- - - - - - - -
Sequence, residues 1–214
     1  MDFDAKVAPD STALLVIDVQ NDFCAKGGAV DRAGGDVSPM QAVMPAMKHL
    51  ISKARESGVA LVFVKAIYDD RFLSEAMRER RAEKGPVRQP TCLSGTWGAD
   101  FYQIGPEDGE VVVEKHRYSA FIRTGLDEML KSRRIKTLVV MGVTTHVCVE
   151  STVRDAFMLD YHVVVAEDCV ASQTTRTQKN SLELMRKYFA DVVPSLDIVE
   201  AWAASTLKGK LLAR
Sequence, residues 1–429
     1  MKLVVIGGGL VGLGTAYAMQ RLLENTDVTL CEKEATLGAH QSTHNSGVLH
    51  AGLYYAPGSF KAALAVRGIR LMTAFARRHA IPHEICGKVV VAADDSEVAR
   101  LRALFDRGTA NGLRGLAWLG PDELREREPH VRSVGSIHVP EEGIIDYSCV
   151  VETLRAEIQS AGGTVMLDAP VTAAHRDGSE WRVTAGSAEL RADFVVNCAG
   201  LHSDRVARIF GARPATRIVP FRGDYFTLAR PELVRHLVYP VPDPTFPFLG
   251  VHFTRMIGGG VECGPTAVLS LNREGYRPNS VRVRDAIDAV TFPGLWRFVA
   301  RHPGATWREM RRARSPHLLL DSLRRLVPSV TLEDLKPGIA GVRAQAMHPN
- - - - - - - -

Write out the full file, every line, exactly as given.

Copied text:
Sequence, residues 1–214
     1  MDFDAKVAPD STALLVIDVQ NDFCAKGGAV DRAGGDVSPM QAVMPAMKHL
    51  ISKARESGVA LVFVKAIYDD RFLSEAMRER RAEKGPVRQP TCLSGTWGAD
   101  FYQIGPEDGE VVVEKHRYSA FIRTGLDEML KSRRIKTLVV MGVTTHVCVE
   151  STVRDAFMLD YHVVVAEDCV ASQTTRTQKN SLELMRKYFA DVVPSLDIVE
   201  AWAASTLKGK LLAR
Sequence, residues 1–429
     1  MKLVVIGGGL VGLGTAYAMQ RLLENTDVTL CEKEATLGAH QSTHNSGVLH
    51  AGLYYAPGSF KAALAVRGIR LMTAFARRHA IPHEICGKVV VAADDSEVAR
   101  LRALFDRGTA NGLRGLAWLG PDELREREPH VRSVGSIHVP EEGIIDYSCV
   151  VETLRAEIQS AGGTVMLDAP VTAAHRDGSE WRVTAGSAEL RADFVVNCAG
   201  LHSDRVARIF GARPATRIVP FRGDYFTLAR PELVRHLVYP VPDPTFPFLG
   251  VHFTRMIGGG VECGPTAVLS LNREGYRPNS VRVRDAIDAV TFPGLWRFVA
   301  RHPGATWREM RRARSPHLLL DSLRRLVPSV TLEDLKPGIA GVRAQAMHPN